Counting the Souls
Bay islanders comply with a census and face some hard questions

June 1st, 2007
by Thomas Tomczyk

[private] An the eleventh hour, on the eleventh day the taking of Bay Islands census begins. How many people live on Roatan and who are they?

On December 13, 2006, Bay Islands department received a presidential signature putting it on the path towards of a Freeport status. Some of the conditions for this were that the ZOLITUR commission write bylaws of the investment zone and conduct a census of its population. This was to be done within 120 days of publishing the ZOLITUR law in La Gazeta, Honduras’ government publication. On January 28, the 120 day hourglass began its count. Still 106 days passed before anyone began the process of counting the archipelagos residents, let alone sending the bylaws for approval to many Tegucigalpa ministries and governing bodies.

v5-6-Feature-CencusThe Technique

The CURLA, Centro Universitario Regional del Litoral Atlantico, designed and administered the Roatan census. The over 100 census takers, who were divided into ten groups, 10-12 people each, went door to door counting each dwelling and person living there. The census takers were divided into four sub-groups, focusing on different types of dwellings: rural, business and urban. A chalk sign was written on the walls or door of each structure that was surveyed.

The census teams worked with the idea of Roatan Municipal having around 60,000 and 80,000 inhabitants and around 20,000 households. The groups worked every day, from 8 am to 12 pm and from 2 pm to 4 pm, allowing for some Santos Guardiola high school students working on the census to attend classes. “We want to give the students a chance to attend classes at 6pm,” said Ing. Manuel Canelas, executive director of the project who teaches logistics at CURLA.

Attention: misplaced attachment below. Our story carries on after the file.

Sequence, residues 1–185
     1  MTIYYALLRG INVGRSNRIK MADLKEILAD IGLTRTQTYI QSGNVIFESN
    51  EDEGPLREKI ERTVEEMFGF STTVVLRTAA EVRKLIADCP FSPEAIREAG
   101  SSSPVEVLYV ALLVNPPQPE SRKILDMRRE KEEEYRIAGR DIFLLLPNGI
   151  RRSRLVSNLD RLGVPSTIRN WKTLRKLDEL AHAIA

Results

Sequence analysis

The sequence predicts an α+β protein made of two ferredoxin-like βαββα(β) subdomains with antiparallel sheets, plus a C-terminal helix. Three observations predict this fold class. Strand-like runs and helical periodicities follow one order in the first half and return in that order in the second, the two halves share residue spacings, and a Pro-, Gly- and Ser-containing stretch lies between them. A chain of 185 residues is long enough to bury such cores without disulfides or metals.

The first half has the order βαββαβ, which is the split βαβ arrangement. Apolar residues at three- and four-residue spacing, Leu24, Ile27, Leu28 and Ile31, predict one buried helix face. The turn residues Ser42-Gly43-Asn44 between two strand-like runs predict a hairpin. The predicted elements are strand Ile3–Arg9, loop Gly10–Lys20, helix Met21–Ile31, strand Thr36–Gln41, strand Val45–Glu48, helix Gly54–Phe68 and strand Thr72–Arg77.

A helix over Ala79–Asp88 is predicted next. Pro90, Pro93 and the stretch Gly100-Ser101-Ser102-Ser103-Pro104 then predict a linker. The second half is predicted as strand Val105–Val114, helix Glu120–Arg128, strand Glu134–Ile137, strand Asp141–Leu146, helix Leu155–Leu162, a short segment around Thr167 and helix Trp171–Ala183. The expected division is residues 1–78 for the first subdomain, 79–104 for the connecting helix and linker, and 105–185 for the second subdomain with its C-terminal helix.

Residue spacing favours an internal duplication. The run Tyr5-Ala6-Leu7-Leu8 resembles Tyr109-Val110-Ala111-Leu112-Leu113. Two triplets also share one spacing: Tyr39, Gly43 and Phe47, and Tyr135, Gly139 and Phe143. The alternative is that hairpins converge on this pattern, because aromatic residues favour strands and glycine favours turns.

Since the census asked each participant about a household, some family members were shown on the census twice. If the mother, father and adult children answered the census at their respective place of work, then again at home a day later, the census takers would take the entire family several times. On the other hand, other families, living in the bush away from the beaten tracks were not canvassed.

The Census Takers

Twenty-four professors, staff and several students from CURLA University in La Ceiba worked side by side with around 100 Roatan surveyors. A dozen people entered data into a computer database and four field directors oversaw the entire process. “CURLA is guaranteeing the accuracy of the census data,” said Julio Emilio Lino, regional coordinator for CURLA and Roatan census director.

The 11 day Roatan Municipal Census was an eye-opening experience for over a hundred surveyors and Roatanians alike. “I love asking them: ‘Do you own a gun?’ and they tell me: ‘Yes, a bible,'” said Artina Forbes, 50, a schoolteacher from Coxen Hole. From the 180 or so people Forbes interviewed, three admitted to serving time in prison and four said that they owned a firearm.

While Forbes collected around 20 surveys a day, other surveyors topped at over 40. The census takers ranged from 16-year-old high school students to a 50-year-old teacher born in Santa Helena. The number of surveyors varied between 80 and 120, depending on a day. “The hardest thing is doing all that walking,” said Forbes who looked at the work as an opportunity to “get more involved in social work as a teacher.”

Roatan Municipal

The work paid for by Roatan Municipal was coordinated by Vice-Mayor Delcie Rosales, Logistics coordinator Carlos Santos and Environmental director Lidia Medina. On May 10, Roatan Municipal asked for help in funding the work in a Municipal meeting with some of the island’s business owners. Governor Arlie Thompson and Vice- Mayor Delcie Rosales appealed for the assistance to the business community.